Over the past decade, Professor Alexander T. Riley, sociology, has watched the United Flight 93 Memorial in Shanksville, Pa., grow from a patch of barren land to a collection of objects left by visitors to the permanent memorial that opened in 2011. Those observations and what they tell us about America form the backbone of his book, Angel Patriots: The Crash of United Flight 93 and the Myth of America, published in March.
We asked him about the memorial and how it reveals the ways Americans think about themselves.
Q: How did you become interested in Flight 93?
A: In the early aftermath of the crash, we didn't know all the details that we would learn later, but it was already a story that was pretty powerful and amazing, just at an existential level. I immediately put myself in the position of, "What would I have done if I'd been one of those people on the plane? Would I have acted as they had acted, or done something differently? What would those different actions say about me as a person, my identity as an American, and so forth?"
When I first went to the site with my wife, I didn't have any designs to do any research or to write a book. I was just a citizen who went out because I was interested.The crash site itself was this eerie, strange, mystical kind of place.
There was only a temporary memorial at that time, and it was a barren, desolate space, but it was haunted by the knowledge of what had happened. It was a very powerful, theatrical setting that eventually inspired me to think about all sorts of big questions: how cultural beliefs about what it means to be American had affected the narrative about Flight 93 and the efforts to memorialize the event, how we think about these kinds of catastrophic episodes of mass death that mark us so powerfully, and how certain conflicts in American culture could be seen through the lens of the event and the memorial effort.
Q: The title of your book references the "Myth of America." How much of the Flight 93 story is that: myth?
A: In talking about myth, I don't simply mean something that isn't true. All cultures, including our own, have myths, which are simply stories that explain how the group conceives of its origins and its core values and thereby makes sense of its place in the world. That said, the amount of concrete, verifiable information we have as to what took place on the plane is more sparse than many imagine. We have a transcript from the flight voice recorder that contains some information, but much of what we find in that transcript is confusing and not of much use for establishing a clear record of what happened.
Another central piece of the information we have are the phone calls people were making on board the plane — and again, when you look at the number of substantive phone calls, it's really small. Only about 15 of the calls lasted more than 10 seconds, and even fewer than this contained substantive information about events on the plane beyond the most basic.
One central piece of the story of Flight 93 has to do with a vote taken by the passengers as to what they were going to do. In the various films and popular books about the flight, this is often dealt with very stylistically; the passengers are described as engaging in dramatic 'show of hands' direct democracy, directly in sight of the hijackers, who are depicted as essentially recognizing their own defeat in the democratic act itself. Yet we have surprisingly little in the way of factual information on which to base such an event. We do know that one passenger, Jeremy Glick, told his wife, "There are couple of other guys who are as big as me. I'm going to take a vote and maybe we'll see if we can make a decision as to what to do." Does he mean a vote of just the other big guys, or all the passengers? How do we know the event took place as it is so frequently depicted?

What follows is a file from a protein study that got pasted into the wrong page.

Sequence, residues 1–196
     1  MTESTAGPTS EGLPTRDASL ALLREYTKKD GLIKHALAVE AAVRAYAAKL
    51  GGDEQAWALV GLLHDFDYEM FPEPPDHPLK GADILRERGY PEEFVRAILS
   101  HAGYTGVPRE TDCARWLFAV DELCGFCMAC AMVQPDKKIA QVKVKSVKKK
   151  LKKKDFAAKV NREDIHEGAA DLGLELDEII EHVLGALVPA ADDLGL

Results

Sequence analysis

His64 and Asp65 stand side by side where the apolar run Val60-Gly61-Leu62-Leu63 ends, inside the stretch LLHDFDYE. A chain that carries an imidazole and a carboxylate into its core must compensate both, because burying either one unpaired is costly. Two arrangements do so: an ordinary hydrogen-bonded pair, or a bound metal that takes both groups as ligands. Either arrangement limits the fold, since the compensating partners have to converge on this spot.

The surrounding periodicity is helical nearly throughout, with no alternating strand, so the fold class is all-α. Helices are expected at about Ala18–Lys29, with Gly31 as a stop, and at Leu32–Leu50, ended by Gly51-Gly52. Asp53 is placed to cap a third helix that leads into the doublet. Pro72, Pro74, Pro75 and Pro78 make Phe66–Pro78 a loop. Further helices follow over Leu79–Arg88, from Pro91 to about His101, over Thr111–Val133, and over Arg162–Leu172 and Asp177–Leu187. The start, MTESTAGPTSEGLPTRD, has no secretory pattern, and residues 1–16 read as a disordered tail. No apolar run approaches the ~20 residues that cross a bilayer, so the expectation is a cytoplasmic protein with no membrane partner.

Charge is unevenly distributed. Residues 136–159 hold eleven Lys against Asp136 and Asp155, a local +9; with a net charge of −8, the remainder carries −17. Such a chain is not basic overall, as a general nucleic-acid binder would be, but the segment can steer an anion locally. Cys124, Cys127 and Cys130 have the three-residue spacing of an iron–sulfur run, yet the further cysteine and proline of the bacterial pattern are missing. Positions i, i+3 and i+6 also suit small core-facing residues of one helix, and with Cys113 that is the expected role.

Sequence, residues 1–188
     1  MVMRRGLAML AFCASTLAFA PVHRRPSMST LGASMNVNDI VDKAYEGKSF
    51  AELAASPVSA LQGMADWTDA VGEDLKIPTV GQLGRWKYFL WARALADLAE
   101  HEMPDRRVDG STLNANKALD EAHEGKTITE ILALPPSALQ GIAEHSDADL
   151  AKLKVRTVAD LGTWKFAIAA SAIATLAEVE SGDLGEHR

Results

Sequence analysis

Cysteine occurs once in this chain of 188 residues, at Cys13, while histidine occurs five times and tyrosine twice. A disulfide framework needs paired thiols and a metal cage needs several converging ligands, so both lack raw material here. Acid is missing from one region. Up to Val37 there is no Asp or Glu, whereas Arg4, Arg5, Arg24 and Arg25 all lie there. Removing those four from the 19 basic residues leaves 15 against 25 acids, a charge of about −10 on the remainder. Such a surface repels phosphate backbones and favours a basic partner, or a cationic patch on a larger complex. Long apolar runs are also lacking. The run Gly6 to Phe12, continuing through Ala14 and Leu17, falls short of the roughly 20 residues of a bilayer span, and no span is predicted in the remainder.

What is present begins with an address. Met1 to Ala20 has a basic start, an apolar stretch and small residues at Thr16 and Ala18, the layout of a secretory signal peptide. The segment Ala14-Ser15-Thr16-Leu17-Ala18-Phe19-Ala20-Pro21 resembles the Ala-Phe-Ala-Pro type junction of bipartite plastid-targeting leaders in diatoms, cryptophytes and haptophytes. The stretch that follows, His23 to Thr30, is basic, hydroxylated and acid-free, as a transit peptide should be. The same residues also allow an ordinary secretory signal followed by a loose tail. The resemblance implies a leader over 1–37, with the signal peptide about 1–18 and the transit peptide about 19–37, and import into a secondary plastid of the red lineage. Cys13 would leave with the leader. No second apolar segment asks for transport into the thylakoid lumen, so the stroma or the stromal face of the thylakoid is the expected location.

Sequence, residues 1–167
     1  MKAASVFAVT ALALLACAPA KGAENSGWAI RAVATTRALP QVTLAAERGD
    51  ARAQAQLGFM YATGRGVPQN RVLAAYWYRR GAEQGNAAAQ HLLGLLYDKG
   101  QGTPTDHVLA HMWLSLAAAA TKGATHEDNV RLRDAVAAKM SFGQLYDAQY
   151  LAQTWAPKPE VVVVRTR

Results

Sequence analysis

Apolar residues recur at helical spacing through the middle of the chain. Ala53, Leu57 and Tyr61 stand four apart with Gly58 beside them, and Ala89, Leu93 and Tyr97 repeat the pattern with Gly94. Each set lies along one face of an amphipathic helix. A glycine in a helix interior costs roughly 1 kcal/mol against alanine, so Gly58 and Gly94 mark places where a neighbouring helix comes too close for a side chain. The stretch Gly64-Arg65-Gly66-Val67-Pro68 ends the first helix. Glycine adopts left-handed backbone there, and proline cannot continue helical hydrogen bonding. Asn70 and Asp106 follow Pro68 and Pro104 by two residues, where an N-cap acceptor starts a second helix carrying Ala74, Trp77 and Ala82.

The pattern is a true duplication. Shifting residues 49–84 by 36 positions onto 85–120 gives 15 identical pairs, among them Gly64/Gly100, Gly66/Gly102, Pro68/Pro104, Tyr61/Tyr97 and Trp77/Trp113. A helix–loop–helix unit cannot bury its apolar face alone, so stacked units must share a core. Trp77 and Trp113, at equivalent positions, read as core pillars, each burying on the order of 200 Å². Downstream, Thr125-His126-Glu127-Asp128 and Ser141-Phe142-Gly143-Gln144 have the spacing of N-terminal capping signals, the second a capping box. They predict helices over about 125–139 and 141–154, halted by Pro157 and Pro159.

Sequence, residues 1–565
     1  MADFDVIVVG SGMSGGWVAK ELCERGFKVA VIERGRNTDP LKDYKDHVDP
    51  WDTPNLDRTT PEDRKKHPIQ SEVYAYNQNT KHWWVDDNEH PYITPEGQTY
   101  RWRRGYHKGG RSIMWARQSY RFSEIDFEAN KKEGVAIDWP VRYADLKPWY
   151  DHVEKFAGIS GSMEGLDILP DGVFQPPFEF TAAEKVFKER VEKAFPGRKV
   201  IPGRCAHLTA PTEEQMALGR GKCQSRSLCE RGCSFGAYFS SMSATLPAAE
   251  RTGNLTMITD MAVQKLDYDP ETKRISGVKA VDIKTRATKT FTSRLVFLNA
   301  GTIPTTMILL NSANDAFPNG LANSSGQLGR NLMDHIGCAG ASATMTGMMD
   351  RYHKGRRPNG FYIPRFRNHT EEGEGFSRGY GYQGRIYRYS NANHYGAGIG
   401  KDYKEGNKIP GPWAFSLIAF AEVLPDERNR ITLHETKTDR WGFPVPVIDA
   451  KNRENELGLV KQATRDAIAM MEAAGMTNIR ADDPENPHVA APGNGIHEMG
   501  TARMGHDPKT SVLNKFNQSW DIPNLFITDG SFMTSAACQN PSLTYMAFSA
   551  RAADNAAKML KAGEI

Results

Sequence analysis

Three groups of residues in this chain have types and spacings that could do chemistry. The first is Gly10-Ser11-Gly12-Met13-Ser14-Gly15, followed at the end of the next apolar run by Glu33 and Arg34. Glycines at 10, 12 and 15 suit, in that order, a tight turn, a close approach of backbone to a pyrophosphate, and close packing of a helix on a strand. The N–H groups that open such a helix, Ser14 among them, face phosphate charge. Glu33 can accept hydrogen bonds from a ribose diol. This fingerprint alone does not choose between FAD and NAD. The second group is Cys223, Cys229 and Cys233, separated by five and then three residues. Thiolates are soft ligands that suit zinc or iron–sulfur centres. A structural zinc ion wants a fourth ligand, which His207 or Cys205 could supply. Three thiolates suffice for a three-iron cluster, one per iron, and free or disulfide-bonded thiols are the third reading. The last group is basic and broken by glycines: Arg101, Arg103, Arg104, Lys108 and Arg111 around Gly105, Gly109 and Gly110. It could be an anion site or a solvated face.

Another central piece of what has become the Flight 93 story is the notion that there was a collective prayer that took place among the passengers; in addition to seeing this in the films, I have heard many, many visitors to the memorial sites in Shanksville tell me how much they were moved by this element of the action on the plane. What does the evidence indicate? One passenger, Todd Beamer, prayed the Lord's Prayer, and possibly the 23rd Psalm, with a Verizon operator. There is no evidence that this involved more than the two of them.
Both of these examples show how important American myth is for filling in gaps in the Flight 93 story: we think of ourselves, in our deepest cultural myths, as a fundamentally democratic, God-fearing people, and so any evidence, however slight, we can find to add narrative elements attesting to these qualities is used to make the story of Flight 93 more consistent with the mythological elements of American identity.
Q: So where do these stories come from?
A: People are compelled to try to make sense of things. This is what human beings do: We search for meaning. This was a chaotic, horrible, catastrophic event. How do we make sense of things that seem senseless, especially when we have only basic factual information to guide the process of making meaning? Ultimately, we fit them into the contours of deep systems of symbols and belief that make up American myth.